• 1 0
 @usedbikestuff: fair enough. I’m sure there are bike industry jobs where the balance is off too. The whole system needs a reset
  • 11 0
 @mark4444: there are lots of reasons to hate on Elon. Worker exploitation, tax avoidance, falsely advertising his role in various companies.
  • 2 0
 @usedbikestuff: Trek HQ is located in Waterloo, WI, a city whose cost of living is below the national average.
  • 20 1
 @Henryo:

Luck favors the bold. For everyone ruminating about SpaceX, you might flip that narrative and wonder instead how Ibis is an amazing employer that is set apart by a very egalitarian methodology, nurturing those who wish to try different roles within the organization and focuses on super hard projects that take years to come to fruition.

While she may 'move on' from Ibis as she grows stronger and more professional in her career journey, as the sole female designer at Ibis and part owner I'm stoked that she chose to use her powers of engineering and artistic sensibilities to propel mere mortals on two wheels.

I can say that she is a force to be reckoned with and will laugh at these comments about her life and career choices. As with all the women of Ibis, we have all become experts at what we do and we amplify each other and support all our team members.

Carry on because we will continue doing what we are passionate about and be rewarded with a company that cares and takes care of us and in turn will make bikes you love to ride.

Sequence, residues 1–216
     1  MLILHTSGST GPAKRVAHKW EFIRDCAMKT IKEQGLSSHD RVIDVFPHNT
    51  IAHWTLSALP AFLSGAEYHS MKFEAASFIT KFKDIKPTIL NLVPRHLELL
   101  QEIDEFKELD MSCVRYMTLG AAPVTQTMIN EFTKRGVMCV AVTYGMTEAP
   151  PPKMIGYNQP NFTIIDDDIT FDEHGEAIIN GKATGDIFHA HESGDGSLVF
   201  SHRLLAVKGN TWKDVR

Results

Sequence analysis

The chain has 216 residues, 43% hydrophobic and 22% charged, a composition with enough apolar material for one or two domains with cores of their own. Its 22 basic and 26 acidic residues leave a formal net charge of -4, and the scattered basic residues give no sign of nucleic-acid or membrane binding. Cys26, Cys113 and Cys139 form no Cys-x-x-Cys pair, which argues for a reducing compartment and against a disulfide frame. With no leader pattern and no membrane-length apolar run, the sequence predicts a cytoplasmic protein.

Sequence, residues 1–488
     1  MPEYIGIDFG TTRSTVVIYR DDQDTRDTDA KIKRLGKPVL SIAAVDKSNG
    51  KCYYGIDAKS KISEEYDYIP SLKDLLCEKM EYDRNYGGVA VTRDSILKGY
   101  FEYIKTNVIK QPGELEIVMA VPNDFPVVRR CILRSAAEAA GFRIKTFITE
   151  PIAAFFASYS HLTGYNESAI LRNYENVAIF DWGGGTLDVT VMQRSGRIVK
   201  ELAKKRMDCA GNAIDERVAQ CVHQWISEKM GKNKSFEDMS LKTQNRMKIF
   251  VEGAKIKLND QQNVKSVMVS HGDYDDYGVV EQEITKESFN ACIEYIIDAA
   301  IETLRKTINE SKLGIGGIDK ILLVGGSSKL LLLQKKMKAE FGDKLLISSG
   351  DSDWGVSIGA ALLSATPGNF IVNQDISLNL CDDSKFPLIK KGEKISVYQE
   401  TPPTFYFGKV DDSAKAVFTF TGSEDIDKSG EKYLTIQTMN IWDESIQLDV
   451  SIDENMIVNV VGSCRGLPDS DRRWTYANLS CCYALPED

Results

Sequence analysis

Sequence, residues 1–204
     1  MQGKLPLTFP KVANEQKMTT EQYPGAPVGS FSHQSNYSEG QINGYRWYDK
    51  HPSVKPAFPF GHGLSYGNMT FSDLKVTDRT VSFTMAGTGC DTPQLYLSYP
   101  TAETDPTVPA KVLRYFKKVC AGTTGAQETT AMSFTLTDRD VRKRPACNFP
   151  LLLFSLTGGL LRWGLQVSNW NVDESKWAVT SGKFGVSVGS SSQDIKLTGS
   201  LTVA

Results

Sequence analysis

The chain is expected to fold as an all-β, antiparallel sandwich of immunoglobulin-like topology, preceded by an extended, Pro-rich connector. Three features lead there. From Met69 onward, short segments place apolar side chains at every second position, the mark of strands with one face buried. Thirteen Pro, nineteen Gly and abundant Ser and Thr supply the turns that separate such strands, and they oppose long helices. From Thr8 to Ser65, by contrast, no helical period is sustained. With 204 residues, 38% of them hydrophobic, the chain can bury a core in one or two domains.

- Roxy Lo,
Industrial Designer, Partner, Ibis Cycles
  • 2 0
 @ibiscycles: I'm happy that she'd rather help make bicycles for regular people than help an egomaniacal billionaire live out his fantasy of walking on Mars. Looking forward to buying an Ibis one day. Smile
  • 1 0
 @ibiscycles: And you know what? Roxy kicks ass as well.
www.bikemag.com/features/profiles/breaking-the-mold
  • 2 0
 I'm ready to retire from Boeing and go work there for bikes and powerbars.
  • 9 0
 This new location is for the birds.
  • 7 0
 @ibiscycles Kudos for investing in domestic production.
  • 12 8
 Ibis successfully reduced the man-hours required to build a dual-suspension carbon frame from 86 to 35 hours


NOW! take this back to asia and come back with $1400 carbon full sus frames.
  • 4 0
 I was going to make a snarky comment about the $4,500 frame then realized the UK-made Hope HB 130 frame is more than that... about 5,000 in freedom units.

Anyways, my crystal ball says direct to consumer brands will continue to grow at a steady rate for the next 100 years.
  • 2 0
 this.

kudos for the engineering innovation and using renewable energy.

would be fantastic if they shared the innovation and incentivise their suppliers to follow on renewable energy so "the rest of us" can afford their products as well.
  • 1 0
 Great move IBIS - excited to see bike frames made in USA. I’ve always disliked buying products from overseas especially Asia. I’ll pay a premium to buy products made here. I’ve always disliked labor, environment standards or lack thereof in Asia. We need to keep our dollars in USA and tell China to go F*** itself.
  • 14 14
 Cool experiment and thumbs up on bringing manufacturing back to the US. Now do it in a state that doesn't tax you to death, has reasonably priced land and building requirements/costs, and lower cost of living for your employees. This will enable a facility and product at a cost that will actually scale to reduce your dependence on Asia. Then pass the savings on to your customers.
  • 25 8
 Totally. Just uproot your entire company, reincorporate in a new state, establish new distribution networks, build a new facility, and hire and then train staff to do the job that your previous staff had been expertly doing. That shouldn’t cause any delays or require any effort that would then have to be passed along to consumers to make up for the production lag.